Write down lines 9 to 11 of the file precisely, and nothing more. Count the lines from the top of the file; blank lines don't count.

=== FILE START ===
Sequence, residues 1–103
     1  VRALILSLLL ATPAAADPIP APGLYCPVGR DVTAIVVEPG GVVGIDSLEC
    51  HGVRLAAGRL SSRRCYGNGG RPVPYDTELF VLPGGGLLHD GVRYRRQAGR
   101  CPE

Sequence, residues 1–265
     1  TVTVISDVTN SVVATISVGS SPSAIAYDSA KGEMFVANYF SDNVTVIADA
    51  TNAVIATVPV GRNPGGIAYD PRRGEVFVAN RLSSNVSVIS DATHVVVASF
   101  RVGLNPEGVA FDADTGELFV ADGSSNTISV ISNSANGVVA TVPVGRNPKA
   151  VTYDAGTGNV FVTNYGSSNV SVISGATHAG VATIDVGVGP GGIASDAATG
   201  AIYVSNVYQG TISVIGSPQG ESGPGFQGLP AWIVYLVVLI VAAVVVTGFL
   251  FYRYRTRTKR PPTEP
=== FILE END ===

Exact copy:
   151  VTYDAGTGNV FVTNYGSSNV SVISGATHAG VATIDVGVGP GGIASDAATG
   201  AIYVSNVYQG TISVIGSPQG ESGPGFQGLP AWIVYLVVLI VAAVVVTGFL
   251  FYRYRTRTKR PPTEP